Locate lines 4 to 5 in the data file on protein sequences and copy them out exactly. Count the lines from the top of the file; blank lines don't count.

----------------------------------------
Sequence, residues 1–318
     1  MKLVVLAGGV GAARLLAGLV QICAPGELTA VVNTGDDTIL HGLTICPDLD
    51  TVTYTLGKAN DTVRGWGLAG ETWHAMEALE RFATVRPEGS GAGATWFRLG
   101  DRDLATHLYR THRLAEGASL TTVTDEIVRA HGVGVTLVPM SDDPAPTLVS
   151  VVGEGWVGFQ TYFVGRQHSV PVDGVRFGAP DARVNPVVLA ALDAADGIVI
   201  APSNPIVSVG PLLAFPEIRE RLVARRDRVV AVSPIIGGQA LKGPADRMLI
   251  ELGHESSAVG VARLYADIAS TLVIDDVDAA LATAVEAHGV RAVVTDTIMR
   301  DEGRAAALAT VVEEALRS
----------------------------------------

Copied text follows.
   101  DRDLATHLYR THRLAEGASL TTVTDEIVRA HGVGVTLVPM SDDPAPTLVS
   151  VVGEGWVGFQ TYFVGRQHSV PVDGVRFGAP DARVNPVVLA ALDAADGIVI